“When you were dealing with all that, where were you musically?” asked [the interviewer]. “Nowhere …. I would play music, but I didn’t have it in me to write anything,” she said. “My father passed away almost four years ago, and it kind of took that long for me to recognize what I’d lost and what that meant to me moving forward, but also what he’d given me.” I know exactly what she was feeling. After my father’s death, it was not a time for writing; it was a time for grieving, for mourning, for reflecting. I was observing the traditional year of mourning, saying Kaddish, not going to movies, not listening to live music or buying new clothes. Like Sarah McLachlan, I didn’t have it in me to write.

At first, I didn’t care if my poetry came back. But after two years, I thought it might actually be gone. I tried to write a few times, but had no inspiration. I began to realize that I needed to wait for it to come back.  About six months ago while visiting my mother, I went to the basement and into my father’s tool room. After he died, we couldn’t clean it out. There were too many memories. He was a tool and die maker. I looked at jars filled with nails, screws, washers. On his workbench were micrometers, screwdrivers, levels, hole punches, two blue cotton aprons and other tools I couldn’t identify. I opened my father’s wooden tool box, and right there in the top drawer was a beige tin with “Revelation, the perfect pipe tobacco” written in red on the cover. When I opened it, I saw several short, round pieces of metal with sharpened ends. They looked like silver crayon tops. The tin had been in there for over thirty years but I never really noticed it. Until now. Poetry was swirling so fast in my head that I could barely keep up. I ran upstairs and started writing; a few minutes later, I had filled up two sheets of paper.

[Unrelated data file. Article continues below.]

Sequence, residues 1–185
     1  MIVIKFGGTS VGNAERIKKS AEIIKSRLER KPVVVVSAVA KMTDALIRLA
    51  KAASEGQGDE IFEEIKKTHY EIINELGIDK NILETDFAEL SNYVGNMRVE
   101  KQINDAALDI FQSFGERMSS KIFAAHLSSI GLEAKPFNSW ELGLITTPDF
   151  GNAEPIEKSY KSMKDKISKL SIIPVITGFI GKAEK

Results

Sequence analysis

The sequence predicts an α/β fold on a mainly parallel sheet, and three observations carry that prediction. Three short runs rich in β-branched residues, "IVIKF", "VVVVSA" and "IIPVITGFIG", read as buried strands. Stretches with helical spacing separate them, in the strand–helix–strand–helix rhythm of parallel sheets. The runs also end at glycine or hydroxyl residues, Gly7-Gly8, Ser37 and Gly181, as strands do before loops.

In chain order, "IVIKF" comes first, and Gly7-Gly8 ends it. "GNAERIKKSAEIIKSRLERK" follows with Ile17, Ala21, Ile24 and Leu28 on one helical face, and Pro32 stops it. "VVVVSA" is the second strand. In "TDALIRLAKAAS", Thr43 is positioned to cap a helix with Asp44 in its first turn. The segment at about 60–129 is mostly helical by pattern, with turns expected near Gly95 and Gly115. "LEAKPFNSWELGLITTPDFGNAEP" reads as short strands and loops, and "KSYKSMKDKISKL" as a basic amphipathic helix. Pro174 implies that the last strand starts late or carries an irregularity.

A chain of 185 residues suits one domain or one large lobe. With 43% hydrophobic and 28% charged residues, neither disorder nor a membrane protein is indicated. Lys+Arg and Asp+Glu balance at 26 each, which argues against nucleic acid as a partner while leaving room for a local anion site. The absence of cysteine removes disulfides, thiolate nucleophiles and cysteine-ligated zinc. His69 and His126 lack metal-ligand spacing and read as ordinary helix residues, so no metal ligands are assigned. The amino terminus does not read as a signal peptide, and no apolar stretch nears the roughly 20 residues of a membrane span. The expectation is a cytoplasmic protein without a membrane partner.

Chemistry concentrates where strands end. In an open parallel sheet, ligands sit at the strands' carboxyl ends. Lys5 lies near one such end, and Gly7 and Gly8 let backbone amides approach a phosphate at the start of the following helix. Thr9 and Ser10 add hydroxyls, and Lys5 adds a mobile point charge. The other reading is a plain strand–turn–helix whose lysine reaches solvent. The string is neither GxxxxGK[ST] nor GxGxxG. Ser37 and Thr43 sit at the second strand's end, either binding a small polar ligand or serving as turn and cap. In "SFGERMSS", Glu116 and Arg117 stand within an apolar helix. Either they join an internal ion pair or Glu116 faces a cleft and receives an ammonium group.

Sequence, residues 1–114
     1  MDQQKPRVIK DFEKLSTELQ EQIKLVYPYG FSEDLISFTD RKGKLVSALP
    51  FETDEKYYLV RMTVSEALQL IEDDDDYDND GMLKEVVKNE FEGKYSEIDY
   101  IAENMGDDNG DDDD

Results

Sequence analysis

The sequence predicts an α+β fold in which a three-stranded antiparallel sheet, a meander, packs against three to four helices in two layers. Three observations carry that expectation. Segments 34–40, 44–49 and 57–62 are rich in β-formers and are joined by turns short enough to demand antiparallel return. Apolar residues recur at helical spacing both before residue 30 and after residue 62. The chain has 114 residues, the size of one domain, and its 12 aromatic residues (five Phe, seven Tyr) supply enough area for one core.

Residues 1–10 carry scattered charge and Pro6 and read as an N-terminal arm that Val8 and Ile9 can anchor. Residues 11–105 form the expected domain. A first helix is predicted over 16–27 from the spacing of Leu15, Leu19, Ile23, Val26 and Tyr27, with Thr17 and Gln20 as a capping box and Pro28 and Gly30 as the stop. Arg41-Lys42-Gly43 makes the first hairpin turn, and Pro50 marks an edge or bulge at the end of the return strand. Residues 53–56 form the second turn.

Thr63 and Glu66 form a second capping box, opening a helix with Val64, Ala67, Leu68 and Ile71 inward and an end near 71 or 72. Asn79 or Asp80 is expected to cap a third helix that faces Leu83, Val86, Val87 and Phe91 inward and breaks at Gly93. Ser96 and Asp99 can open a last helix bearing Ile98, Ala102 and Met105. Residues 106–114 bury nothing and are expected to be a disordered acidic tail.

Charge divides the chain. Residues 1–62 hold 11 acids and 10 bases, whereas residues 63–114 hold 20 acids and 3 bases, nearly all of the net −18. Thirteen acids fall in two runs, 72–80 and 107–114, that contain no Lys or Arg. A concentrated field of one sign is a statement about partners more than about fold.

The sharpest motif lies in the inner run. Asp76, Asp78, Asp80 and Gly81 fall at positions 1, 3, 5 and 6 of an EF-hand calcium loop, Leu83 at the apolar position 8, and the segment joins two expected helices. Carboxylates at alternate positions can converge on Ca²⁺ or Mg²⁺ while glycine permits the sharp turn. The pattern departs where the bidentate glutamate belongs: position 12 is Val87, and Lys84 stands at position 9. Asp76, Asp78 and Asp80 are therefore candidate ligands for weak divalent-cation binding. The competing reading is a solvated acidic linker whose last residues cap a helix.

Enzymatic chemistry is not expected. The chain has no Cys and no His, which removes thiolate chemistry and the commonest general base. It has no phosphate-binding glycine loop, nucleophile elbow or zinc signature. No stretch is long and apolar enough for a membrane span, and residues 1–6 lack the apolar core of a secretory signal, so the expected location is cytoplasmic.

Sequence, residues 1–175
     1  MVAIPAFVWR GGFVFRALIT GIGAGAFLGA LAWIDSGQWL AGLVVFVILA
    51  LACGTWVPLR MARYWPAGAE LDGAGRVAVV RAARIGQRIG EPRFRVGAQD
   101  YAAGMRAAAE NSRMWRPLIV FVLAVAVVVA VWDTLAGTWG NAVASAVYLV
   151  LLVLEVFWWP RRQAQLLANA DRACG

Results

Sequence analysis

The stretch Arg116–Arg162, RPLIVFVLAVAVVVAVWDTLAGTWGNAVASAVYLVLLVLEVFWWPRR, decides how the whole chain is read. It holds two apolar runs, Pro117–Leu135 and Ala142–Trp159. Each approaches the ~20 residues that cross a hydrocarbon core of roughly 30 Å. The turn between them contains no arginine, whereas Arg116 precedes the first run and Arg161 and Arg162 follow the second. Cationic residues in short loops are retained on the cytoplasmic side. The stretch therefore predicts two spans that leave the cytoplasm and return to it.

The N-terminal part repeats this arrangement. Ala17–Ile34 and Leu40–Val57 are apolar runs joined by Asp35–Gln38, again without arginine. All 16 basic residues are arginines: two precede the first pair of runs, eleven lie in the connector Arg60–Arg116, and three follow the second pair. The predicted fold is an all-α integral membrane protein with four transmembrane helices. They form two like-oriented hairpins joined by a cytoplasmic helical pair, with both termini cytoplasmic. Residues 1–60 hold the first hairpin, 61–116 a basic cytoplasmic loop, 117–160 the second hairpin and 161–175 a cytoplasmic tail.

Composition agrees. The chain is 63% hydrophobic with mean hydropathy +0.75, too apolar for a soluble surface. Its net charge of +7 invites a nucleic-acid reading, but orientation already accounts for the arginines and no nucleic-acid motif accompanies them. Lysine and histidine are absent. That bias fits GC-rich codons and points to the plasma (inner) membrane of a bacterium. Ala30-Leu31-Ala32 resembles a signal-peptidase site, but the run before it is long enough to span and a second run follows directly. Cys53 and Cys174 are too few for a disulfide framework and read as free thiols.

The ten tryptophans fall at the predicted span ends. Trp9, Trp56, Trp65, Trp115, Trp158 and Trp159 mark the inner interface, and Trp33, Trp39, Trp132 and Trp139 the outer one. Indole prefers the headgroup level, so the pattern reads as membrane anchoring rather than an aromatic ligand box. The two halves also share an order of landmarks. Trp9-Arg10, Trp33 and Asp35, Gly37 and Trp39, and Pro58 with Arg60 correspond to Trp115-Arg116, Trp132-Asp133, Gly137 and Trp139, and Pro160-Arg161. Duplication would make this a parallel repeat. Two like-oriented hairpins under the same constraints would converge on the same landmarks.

My father always encouraged me in my writing, was so happy when my book, How to Spot One of Us, was published and was always interested in my teaching and readings. There was my father, in his tool room, helping me to move forward. Encouraging me to write again.

Janet R. Kirchheimer is the author of How to Spot One of Us (2007).  She is currently producing BE•HOLD, a cinematic poetry performance filmhttps://www.facebook.com/BeholdAPerformanceFilm.  Her work has appeared in journals and on line in such publications as Atlanta Review, Limestone, Connecticut Review, Lilith, Natural Bridge and on beliefnet.com.  She is a Pushcart Prize nominee and received Honorable Mention in the String Poet Prize 2014. 

This essay is reprinted here with the kind permission of The Best American Poetry Blog (http://thebestamericanpoetry.typepad.com/the_best_american_poetry/), where this essay first appeared.  

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How To Bury Your Mother

by Leslea Newman (Holyoke, MA)

Slip out of the dark limo
into the bright light of day
the way you once slipped
out of your mother:
blinking, surprised, teary-eyed.